There are lots of best practices that have been developed for IT management, but an organization’s culture might resist efforts at standardization. Here’s a peek behind the curtain to see a particular problem for small offices — scaling support capacity.


We’ve been doing some IT planning in my company recently. Our work has grown considerably over the past few years, and management has finally been convinced that the technical staff has to be expanded to support the new projects that they want to take on. Somewhat troubling for me, though, is that while we’re growing the IT staff, much of the expertise we’re hiring for will be applied to specific research projects, with IT operations duties taking a secondary role.

I’m not saying that hiring staff to develop specific IT projects isn’t a good idea; it definitely is, since historically the IT pros in my office have had to divide their time between long-term projects and user support. Every technical person in the office is called upon periodically to provide direct help desk assistance to staff, and that’s not unusual for smaller, cost-conscious organizations like ours. It doesn’t change the fact that our management thinks of user support as a commodity, or a utility: as long as the bill is paid, service will be there when it’s needed, in whatever quantity is required.

I don’t think a quality support environment is built with the minimum possible investment, but I think that’s exactly what small organizations like mine end up doing by building a little bit of support time into every technical position. What results is an illusion of coverage, when in reality the technical staff’s divided attentions end up having a negative effect on all their responsibilities.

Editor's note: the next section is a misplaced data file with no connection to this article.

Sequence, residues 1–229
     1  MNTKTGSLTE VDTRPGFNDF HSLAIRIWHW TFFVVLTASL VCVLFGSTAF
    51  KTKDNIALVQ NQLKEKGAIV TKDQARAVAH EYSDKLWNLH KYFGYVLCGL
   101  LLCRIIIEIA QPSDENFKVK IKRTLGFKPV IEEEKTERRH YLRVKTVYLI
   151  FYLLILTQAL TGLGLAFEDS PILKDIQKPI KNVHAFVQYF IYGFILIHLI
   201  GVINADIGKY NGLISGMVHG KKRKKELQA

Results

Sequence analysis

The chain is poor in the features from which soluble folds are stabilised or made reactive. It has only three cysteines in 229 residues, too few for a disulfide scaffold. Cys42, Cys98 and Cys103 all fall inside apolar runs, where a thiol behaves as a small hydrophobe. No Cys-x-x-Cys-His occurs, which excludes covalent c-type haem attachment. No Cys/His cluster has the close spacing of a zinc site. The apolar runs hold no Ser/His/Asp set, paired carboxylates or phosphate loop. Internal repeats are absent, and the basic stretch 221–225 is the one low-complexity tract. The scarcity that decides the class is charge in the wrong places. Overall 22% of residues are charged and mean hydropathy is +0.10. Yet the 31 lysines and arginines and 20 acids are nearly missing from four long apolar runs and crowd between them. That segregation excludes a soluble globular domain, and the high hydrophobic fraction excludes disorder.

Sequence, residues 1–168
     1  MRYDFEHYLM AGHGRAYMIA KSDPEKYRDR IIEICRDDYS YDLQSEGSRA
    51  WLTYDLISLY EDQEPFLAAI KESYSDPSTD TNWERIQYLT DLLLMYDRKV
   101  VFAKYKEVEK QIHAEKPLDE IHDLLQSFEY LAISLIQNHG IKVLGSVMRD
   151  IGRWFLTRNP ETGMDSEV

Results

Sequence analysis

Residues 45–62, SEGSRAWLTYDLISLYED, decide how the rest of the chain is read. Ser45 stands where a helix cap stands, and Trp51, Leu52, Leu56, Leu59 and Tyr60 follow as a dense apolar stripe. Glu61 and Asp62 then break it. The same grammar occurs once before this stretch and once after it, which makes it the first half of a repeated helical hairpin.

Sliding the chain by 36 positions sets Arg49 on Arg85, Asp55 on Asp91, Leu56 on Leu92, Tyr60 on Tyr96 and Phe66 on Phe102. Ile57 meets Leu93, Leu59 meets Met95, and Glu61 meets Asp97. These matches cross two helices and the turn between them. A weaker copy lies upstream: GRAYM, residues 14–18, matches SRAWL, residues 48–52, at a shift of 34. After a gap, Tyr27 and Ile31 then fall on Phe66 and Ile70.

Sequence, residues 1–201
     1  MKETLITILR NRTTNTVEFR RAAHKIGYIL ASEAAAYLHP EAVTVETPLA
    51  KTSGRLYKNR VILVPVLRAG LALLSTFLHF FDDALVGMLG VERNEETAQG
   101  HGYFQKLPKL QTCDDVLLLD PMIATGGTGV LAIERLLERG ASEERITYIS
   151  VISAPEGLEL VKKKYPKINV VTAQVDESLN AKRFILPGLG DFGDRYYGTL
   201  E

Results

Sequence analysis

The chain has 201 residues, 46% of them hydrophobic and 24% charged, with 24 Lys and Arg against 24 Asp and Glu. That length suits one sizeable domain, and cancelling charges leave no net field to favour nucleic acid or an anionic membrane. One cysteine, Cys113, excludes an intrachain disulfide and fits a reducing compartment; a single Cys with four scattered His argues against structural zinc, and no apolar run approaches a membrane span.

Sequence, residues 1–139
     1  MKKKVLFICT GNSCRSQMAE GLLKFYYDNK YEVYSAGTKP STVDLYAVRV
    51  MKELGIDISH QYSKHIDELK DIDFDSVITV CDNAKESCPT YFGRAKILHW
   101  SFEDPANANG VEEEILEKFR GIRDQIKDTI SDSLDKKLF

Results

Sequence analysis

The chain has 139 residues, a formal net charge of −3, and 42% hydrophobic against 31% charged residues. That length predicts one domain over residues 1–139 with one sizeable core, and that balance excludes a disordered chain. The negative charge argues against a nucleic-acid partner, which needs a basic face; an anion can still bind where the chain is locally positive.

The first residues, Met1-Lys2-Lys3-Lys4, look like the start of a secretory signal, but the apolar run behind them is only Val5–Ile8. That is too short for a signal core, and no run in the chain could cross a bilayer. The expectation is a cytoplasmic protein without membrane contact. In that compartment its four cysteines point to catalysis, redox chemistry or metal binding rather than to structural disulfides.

There are lots of ways to manage user support, some successful and many not so. In my organization, the informal academic culture means that there is little interest from our directors in taking an active role in managing IT support. When the wheels begin to squeak around the office is when we start looking to expand our support capacity, rather than trying to get out in front of our needs.

I’m interested to hear from you how your organizations build your user support teams and how your IT management sustains them. I know of other companies (more bureaucratic than mine) that set up formal structures for providing support, where staffing formulas dictate the exact number of full-time-equivalent positions that are required. I’ve also heard about organizations that run their help desk as an in-house service provider, charging back to individual departments if their consumption exceeds a certain level. This could give the help desk its own revenue stream to spend on staffing, if it sees fit.

What staffing strategies have you seen succeed in making your help desk effective and sustainable? Which ones have fallen short of those goals?